I am against anything that will completely alter the true characteristics of a person. With that said, yes I am against relaxers. They are potentially harmful to the health of Black women, but we fail to see that.

What is your favorite hairstyle?
I don’t have a favorite hairstyle, but I have my hair in locs and I’m completely in love with them.

What is your hair care regimen?
I shampoo and give my hair a treatment every two weeks or if the weather is hotter, every week. During this time I groom my locs and oil them with a little bit of olive oil and I also use hair sheen, Mizani is a good one to use.

Have you ever encountered discrimination or mistreatment because of your natural hair?
I have come across a good amount of ignorant people. However, I have been fortunate to not have been turned away because of my hair. I’ve just come to the conclusion that some people will remain ignorant and closed minded about Black women’s natural hair.

As I said I have given this question a lot of thought as well. What really boggles me is the fact that 73% (at least in the US according to a study by dr. Jeffery*) of us suffer from hair breakage and other hair and scalp issues but it’s like it doesn’t matter. Initially it was hard for us as a community to discuss aids and even homosexuality. Why is it you think that we can’t even recognize this as a problem?
Some Blacks are ashamed of the texture of our hair. In slavery Blacks were separated by the shade of their skins. Lighter skinned Blacks were house slaves and darker skinned Blacks worked in the fields. Most of the time, the lighter skinned Blacks had softer hair that was more prized than the hair texture of darker skinned Blacks. Early in the history of the U.S., there was a comb test that Blacks took in order to become members of elite lighter skinned Black groups. So all of this had an impact on why Blacks today are ashamed of their hair. However some refuse to admit that this is the problem.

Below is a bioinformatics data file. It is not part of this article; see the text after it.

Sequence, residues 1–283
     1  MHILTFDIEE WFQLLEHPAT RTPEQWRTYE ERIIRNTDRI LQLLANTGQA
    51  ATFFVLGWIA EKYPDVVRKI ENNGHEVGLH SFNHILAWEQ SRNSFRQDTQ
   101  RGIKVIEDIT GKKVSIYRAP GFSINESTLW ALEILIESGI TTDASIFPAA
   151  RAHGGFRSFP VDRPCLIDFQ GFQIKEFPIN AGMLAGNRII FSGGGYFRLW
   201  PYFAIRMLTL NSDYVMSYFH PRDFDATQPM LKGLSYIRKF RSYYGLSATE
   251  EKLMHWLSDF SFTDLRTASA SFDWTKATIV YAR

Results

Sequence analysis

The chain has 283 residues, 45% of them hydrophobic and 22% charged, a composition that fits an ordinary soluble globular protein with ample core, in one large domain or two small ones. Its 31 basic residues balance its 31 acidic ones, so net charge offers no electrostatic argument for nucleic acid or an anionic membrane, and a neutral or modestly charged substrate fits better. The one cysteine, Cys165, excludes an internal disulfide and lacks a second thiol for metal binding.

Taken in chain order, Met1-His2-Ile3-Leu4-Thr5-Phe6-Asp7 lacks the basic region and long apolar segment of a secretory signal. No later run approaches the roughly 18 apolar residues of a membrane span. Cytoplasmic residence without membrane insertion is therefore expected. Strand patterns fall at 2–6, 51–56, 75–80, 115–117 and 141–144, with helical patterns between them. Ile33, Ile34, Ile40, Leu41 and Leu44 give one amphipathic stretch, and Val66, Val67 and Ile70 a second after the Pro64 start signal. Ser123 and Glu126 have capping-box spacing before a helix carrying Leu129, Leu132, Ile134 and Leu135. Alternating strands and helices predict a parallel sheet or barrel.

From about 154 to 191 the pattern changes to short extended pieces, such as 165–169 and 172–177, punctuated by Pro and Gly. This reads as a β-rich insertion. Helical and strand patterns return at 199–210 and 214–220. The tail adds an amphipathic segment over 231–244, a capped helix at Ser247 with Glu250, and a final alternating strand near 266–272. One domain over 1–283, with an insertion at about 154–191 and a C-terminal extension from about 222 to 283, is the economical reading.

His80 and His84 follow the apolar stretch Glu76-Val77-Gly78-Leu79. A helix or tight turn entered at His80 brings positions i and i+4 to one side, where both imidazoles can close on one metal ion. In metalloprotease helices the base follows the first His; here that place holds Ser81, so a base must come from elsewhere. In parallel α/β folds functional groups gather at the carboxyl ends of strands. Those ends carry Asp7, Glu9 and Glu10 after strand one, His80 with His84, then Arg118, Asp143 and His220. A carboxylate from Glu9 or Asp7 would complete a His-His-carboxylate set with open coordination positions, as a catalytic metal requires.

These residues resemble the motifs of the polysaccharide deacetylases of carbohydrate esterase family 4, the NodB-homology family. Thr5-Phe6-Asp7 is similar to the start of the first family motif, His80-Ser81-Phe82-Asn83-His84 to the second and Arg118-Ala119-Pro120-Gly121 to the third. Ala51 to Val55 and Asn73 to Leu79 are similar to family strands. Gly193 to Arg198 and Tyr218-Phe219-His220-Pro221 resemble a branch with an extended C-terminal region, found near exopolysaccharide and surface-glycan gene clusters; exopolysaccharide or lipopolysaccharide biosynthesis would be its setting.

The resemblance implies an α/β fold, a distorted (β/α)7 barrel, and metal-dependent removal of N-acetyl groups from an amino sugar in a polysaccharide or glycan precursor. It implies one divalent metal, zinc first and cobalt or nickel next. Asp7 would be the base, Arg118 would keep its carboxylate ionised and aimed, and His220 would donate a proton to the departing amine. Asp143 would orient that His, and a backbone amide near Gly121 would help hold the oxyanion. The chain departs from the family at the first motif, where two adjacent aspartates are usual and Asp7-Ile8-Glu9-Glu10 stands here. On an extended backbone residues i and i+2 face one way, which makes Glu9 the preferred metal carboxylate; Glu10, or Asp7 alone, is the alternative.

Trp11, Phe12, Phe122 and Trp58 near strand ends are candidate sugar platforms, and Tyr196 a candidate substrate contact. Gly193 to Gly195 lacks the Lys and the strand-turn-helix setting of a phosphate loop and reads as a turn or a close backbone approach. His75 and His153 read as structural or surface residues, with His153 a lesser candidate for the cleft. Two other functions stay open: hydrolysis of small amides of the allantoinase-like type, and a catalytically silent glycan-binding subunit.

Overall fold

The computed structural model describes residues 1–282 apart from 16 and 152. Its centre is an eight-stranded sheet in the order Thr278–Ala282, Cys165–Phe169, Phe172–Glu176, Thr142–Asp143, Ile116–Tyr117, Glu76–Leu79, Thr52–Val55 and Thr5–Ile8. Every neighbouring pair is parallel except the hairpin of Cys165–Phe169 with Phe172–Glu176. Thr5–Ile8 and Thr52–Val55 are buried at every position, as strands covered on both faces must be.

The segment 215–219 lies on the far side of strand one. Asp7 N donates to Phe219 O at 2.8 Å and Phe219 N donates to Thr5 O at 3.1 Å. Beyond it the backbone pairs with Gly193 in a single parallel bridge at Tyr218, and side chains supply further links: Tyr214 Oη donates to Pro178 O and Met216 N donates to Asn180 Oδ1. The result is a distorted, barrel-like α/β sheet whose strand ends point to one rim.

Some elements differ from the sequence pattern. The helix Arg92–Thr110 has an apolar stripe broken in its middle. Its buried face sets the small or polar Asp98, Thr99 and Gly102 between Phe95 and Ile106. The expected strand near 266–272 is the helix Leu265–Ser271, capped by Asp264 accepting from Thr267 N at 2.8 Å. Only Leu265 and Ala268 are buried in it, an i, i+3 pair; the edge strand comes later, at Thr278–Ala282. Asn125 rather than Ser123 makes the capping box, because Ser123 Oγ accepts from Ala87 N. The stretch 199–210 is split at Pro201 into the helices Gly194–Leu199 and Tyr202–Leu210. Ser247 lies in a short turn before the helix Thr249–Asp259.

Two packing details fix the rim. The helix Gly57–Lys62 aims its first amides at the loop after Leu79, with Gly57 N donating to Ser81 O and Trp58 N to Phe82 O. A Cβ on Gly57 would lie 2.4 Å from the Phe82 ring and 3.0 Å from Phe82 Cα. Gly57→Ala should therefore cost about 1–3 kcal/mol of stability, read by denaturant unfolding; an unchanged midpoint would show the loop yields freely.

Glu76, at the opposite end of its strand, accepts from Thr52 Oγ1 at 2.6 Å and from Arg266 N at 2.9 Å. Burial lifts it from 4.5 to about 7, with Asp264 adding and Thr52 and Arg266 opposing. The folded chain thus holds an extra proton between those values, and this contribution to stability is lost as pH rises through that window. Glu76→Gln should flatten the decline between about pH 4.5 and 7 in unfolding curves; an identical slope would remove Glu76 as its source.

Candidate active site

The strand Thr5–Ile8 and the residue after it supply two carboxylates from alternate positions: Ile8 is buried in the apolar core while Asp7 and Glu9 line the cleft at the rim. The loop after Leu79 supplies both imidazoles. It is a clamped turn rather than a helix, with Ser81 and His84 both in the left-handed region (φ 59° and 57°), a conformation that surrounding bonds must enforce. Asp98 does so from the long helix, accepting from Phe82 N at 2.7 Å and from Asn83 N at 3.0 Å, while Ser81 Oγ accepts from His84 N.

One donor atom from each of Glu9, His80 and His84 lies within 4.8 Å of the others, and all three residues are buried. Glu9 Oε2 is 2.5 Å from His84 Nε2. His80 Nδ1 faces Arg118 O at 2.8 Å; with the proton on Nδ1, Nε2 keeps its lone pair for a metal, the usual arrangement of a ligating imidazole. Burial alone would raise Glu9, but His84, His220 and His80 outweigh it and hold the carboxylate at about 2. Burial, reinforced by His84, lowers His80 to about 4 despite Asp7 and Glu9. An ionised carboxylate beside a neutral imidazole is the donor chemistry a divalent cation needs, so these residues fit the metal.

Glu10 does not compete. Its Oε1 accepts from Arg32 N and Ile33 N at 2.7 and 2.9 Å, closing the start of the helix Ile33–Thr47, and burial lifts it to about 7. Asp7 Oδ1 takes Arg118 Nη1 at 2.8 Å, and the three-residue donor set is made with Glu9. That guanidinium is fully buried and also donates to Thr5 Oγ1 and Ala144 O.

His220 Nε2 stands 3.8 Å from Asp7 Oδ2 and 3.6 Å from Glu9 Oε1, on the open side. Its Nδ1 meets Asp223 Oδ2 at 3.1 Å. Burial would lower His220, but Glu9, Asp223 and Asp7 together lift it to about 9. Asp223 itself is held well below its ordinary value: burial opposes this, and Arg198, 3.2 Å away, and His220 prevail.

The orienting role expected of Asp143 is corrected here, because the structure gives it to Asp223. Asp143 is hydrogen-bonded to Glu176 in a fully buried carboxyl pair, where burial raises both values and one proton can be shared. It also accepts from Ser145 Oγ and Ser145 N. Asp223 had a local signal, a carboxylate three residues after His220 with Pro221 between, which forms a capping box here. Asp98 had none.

Is it me or are discussions about hair among Black women quite hard? It gets emotional and often uneasy. Do you share this experience?
You’re right it often gets emotional and uneasy. Some people will always think that natural Black hair is unkempt hair just by the way it looks. If that’s the case we need to blame God for giving us what some Blacks call “ugly” hair. I believe that any type of hair texture from any race that it not cleaned and groomed properly can be regarded as unkempt.

One of the arguments I hear all the time is that other races are perming and coloring as well. In my opinion the difference is women of other races don’t continue chemical treatments after damaging their hair once or even twice but we keep repeating the same harmful services and even pass it on to our children. Just this week I heard from a woman who said her mother permed her hair at the age of 7 even though the mother lost her hair because of a perm. I think we are obsessive and compulsive when it comes to long flowing hair. What is your opinion?
Yes we’re obsessive with long flowing straight hair. But we must realize that having our hair natural not only celebrates the beauty of our hair but it keeps it healthy as well.

Do you really think we hate our hair?
To a degree some of us do.

What can we do to work on the relationship with our hair or to ease our hair struggles?
Work with the hair texture we’re given and learn to appreciate it.

You say in your piece: The results I found were very telling. What was most telling about your research?
The fact that Black women realized how difficult it could be having natural hair.

What is your next step? Will there be a follow-up on your research?
Right now I don’t plan to have a follow up research, but I hope to do more work in the future.

Do you have a last word or a message for our readers?
Love yourself and who you are.